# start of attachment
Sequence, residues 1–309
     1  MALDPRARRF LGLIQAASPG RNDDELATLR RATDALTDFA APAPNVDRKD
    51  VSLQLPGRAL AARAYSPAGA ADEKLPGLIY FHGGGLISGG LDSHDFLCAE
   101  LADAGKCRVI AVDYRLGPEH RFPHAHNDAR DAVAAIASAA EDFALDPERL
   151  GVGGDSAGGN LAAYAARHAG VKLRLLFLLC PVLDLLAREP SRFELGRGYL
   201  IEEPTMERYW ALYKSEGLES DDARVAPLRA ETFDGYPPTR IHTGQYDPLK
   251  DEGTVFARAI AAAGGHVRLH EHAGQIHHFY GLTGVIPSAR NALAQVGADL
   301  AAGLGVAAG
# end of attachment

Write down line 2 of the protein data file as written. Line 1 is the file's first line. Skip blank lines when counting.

     1  MALDPRARRF LGLIQAASPG RNDDELATLR RATDALTDFA APAPNVDRKD